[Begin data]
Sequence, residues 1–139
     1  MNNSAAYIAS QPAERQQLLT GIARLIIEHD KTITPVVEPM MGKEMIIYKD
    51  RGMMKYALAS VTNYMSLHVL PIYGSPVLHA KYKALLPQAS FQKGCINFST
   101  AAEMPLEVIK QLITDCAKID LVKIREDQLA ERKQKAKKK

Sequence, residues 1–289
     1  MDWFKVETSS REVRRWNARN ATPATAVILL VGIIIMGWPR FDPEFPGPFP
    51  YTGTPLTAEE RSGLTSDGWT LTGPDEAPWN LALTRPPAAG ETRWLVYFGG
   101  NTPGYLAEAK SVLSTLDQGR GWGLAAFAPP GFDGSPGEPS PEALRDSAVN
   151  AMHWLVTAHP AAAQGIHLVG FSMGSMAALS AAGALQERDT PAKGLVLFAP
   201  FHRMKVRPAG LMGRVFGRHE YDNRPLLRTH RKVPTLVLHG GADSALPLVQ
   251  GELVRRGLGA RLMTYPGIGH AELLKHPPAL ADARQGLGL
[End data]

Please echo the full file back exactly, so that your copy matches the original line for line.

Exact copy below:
Sequence, residues 1–139
     1  MNNSAAYIAS QPAERQQLLT GIARLIIEHD KTITPVVEPM MGKEMIIYKD
    51  RGMMKYALAS VTNYMSLHVL PIYGSPVLHA KYKALLPQAS FQKGCINFST
   101  AAEMPLEVIK QLITDCAKID LVKIREDQLA ERKQKAKKK

Sequence, residues 1–289
     1  MDWFKVETSS REVRRWNARN ATPATAVILL VGIIIMGWPR FDPEFPGPFP
    51  YTGTPLTAEE RSGLTSDGWT LTGPDEAPWN LALTRPPAAG ETRWLVYFGG
   101  NTPGYLAEAK SVLSTLDQGR GWGLAAFAPP GFDGSPGEPS PEALRDSAVN
   151  AMHWLVTAHP AAAQGIHLVG FSMGSMAALS AAGALQERDT PAKGLVLFAP
   201  FHRMKVRPAG LMGRVFGRHE YDNRPLLRTH RKVPTLVLHG GADSALPLVQ
   251  GELVRRGLGA RLMTYPGIGH AELLKHPPAL ADARQGLGL